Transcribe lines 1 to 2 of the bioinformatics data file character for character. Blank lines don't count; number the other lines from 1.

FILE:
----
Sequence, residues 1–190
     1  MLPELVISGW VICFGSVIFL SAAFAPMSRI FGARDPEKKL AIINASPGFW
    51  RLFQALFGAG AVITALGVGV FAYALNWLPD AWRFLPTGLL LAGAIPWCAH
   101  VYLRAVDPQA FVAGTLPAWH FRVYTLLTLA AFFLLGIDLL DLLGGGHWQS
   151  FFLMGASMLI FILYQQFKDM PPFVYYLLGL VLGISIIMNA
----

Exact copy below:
Sequence, residues 1–190
     1  MLPELVISGW VICFGSVIFL SAAFAPMSRI FGARDPEKKL AIINASPGFW